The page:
April 21, 2017 199432554

Commonwealth of Kentucky 

Workers’ Compensation Board




OPINION ENTERED:  April 21, 2017



CLAIM NO. 199432554






















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BEFORE:  ALVEY, Chairman, STIVERS and RECHTER, Members. 


ALVEY, Chairman.   Pamela S. Marlowe (“Marlowe”) and Elizabeth Scheidler, APRN (“Nurse Scheidler”) appeal from the Medical Fee Opinion and Order rendered October 31, 2016 by Hon. Jonathan R. Weatherby, Administrative Law Judge (“ALJ”) resolving a medical fee dispute in favor of Hardee’s Food Systems, Inc. (“Hardee’s”).  Marlowe and Nurse Scheidler also appeal from the December 9, 2016 order denying their petition for reconsideration.

          On appeal, Marlowe and Nurse Scheidler argue the ALJ erred in relying upon the “objective functional benefit” test “embraced” by Dr. David Simolins.  They argue the contested treatment with Ambien provides “some relief” to Marlowe, and the ALJ erred in finding it non-compensable.  Because the ALJ’s determination is supported by substantial evidence, provided an adequate rationale for his decision, and a contrary result is not compelled, we affirm.

          Marlowe sustained a work-related low back injury on June 8, 1994.  Hardee’s filed a motion to reopen Marlowe’s claim on March 16, 2016 to challenge ongoing treatment with Oxycodone and Zolpidem.  However, Hardee’s improperly listed the claim number as 2001-93698.  This was actually a claim Marlowe later filed and settled for injuries she sustained on December 27, 2000 while working for Movies to Go d/b/a Blockbuster.  She settled that claim by agreement approved on June 17, 2013.  The agreement reflects Marlowe sustained injuries to her lumbar and cervical spines, as well as knee strains, when she tripped and fell while working for Blockbuster.  The settlement agreement reflects that claim was settled for a lump sum of $25,000.00, and included a waiver of future medical benefits for those conditions.

          On April 12, 2016, the ALJ issued an order reopening the claim.  On April 20, 2016, Hardee’s filed a motion to amend the reopening to reflect the correct claim number, 1994-32554 for the June 8, 1994 injury.  Hardee’s attached a copy of the Form 110 Settlement Agreement which was approved by Hon. Thomas A. Nanney, Administrative Law Judge, on July 17, 1995.  That settlement agreement reflects Marlowe sustained a “back injury” on June 8, 1994 while working for Hardee’s in Eddyville, Lyon County, Kentucky.  The claim was settled based upon a 45% permanent partial disability, but Marlowe did not waive her future medical benefits.  The ALJ issued an order allowing the reopening to be amended on June 8, 2016.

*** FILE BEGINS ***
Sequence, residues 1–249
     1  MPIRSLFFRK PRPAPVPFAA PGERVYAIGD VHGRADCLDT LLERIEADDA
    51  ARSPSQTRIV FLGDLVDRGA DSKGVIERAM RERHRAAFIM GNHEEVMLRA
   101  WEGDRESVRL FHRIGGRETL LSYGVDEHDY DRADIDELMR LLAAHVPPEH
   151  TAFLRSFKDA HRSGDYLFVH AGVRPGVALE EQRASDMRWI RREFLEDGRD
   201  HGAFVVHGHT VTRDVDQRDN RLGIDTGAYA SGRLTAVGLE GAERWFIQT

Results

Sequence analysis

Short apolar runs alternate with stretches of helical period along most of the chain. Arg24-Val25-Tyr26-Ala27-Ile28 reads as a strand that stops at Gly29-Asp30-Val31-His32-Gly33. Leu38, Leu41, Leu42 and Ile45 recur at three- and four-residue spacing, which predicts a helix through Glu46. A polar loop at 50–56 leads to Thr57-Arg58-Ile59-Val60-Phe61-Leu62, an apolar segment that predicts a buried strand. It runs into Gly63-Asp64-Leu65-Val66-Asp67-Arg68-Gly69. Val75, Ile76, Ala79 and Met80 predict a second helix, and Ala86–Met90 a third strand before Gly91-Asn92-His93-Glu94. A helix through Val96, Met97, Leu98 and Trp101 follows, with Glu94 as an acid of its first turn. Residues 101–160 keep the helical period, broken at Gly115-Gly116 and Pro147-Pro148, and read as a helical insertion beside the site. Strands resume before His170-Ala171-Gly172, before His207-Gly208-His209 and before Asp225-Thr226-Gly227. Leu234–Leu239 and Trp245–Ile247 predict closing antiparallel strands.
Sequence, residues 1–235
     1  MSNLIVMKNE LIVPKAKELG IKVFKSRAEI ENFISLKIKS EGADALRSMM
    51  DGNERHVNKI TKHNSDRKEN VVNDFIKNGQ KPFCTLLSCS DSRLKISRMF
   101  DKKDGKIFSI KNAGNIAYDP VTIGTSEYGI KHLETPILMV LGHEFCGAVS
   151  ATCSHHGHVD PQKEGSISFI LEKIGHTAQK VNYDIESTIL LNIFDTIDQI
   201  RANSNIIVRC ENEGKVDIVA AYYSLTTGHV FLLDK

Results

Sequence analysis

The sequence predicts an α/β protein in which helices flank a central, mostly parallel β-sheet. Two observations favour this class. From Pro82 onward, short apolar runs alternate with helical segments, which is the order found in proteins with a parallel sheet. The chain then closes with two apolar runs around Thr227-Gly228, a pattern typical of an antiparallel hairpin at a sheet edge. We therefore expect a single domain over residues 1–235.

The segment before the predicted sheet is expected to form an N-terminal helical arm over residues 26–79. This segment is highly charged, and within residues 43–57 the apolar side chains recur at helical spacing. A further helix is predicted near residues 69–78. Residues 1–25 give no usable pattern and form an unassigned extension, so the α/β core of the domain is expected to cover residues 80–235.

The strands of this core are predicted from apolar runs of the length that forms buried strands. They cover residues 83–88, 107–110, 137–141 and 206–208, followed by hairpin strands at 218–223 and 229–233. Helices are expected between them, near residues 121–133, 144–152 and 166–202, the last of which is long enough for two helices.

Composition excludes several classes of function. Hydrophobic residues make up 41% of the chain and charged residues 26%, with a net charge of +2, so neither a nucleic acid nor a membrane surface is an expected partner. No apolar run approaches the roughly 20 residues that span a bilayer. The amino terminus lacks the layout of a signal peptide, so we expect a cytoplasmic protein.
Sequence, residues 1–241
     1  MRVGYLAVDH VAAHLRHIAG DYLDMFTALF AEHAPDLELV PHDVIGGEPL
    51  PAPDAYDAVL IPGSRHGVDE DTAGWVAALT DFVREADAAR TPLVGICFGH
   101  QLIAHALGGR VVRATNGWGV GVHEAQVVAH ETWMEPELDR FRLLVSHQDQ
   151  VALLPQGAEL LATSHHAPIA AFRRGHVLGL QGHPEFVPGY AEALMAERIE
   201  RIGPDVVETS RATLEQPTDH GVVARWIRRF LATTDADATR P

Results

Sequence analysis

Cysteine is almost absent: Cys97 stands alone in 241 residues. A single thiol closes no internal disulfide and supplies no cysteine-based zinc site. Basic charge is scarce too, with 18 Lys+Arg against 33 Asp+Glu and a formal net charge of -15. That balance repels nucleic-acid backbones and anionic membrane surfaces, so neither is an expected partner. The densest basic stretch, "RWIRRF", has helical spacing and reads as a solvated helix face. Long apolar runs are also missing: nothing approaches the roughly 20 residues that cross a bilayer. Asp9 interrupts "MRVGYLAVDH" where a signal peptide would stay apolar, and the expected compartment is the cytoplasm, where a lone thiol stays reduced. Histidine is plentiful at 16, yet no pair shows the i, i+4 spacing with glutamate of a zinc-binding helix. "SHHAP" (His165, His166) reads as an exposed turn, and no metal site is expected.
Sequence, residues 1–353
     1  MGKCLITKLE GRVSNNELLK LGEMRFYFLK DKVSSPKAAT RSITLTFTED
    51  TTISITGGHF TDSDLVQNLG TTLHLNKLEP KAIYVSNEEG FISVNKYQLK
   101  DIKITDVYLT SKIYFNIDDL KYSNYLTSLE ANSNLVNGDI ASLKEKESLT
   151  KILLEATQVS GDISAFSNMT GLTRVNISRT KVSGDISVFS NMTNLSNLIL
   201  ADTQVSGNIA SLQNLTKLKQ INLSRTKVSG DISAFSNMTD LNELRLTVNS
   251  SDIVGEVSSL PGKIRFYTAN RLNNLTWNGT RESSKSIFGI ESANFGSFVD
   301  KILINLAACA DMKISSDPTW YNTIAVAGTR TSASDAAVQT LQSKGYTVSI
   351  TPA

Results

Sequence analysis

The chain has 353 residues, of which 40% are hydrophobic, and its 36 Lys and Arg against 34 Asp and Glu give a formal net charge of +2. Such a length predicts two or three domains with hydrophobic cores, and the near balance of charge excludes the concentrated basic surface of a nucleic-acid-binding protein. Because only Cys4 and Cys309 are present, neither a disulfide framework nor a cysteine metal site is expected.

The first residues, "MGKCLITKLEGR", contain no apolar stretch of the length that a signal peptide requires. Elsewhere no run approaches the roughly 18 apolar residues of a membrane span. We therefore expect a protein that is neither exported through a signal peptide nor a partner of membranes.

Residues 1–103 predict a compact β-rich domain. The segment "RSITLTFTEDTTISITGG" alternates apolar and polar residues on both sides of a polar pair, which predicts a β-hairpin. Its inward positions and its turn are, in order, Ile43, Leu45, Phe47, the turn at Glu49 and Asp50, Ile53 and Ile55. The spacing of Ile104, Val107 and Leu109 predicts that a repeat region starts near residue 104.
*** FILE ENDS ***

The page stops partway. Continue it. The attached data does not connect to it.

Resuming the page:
In support of the motion to reopen, Hardee’s filed Dr. Simolins’ February 22, 2016 utilization review report.  Dr. Simolins noted the June 8, 1994 date of injury, and the fact Marlowe has received chronic opioid therapy since at least 2002.  She has had continued complaints of back and leg pain due to degenerative changes in the lumbar spine, and takes four doses of Percocet on a daily basis.  He stated Marlowe has had no objective functional gains from taking Oxycodone or Percocet, and there is no notation of the performance of a risk assessment or evidence of attempts to wean her from this medication.  He stated the request for continued usage of Oxycodone or Percocet is not certified.  He also stated Zolpidem, or Ambien, is only recommended for short-term treatment for insomnia.  However, Marlowe has treated with this medication since 2013, and therefore he likewise did not certify its continued use.

          Hardee’s also filed Dr. Terrance J. Wilkins’ report regarding the appeal from Dr. Simolins’ determination.  Dr. Wilkins noted he had reviewed Dr. Simolins’ report along with various records, notes and reports from Nurse Scheidler.  He had also reviewed the report prepared by Dr. Robert M. Weiss who examined Marlowe on April 8, 2014.  In upholding the denial of ongoing treatment with Oxycodone and Zolpidem, Dr. Wilkins stated as follows:

Recommendations have been made previously to discontinue the practice of prescribing short-acting opioid therapy for chronic musculoskeletal low back pain but it is apparent that no attempt to wean from the medication has been attempted.  Though the Morphine Equivalent Dosage is relatively low, there is minimal to no objective evidence of clinically significant function improvement on the basis of the addition of opioid therapy.  The clinical documentation submitted is not sufficient to warrant reversing the previous non-certification recommendation(s).


          In his report dated April 8, 2014, Dr. Weiss noted Marlowe injured her back while working at a fast food restaurant in 1994.  He observed she has taken narcotics on a daily basis for many years.  Marlowe reportedly had an adverse reaction to epidural steroid injections, and those were discontinued.  He noted Marlowe had chronic low back pain, and surgical intervention was inappropriate.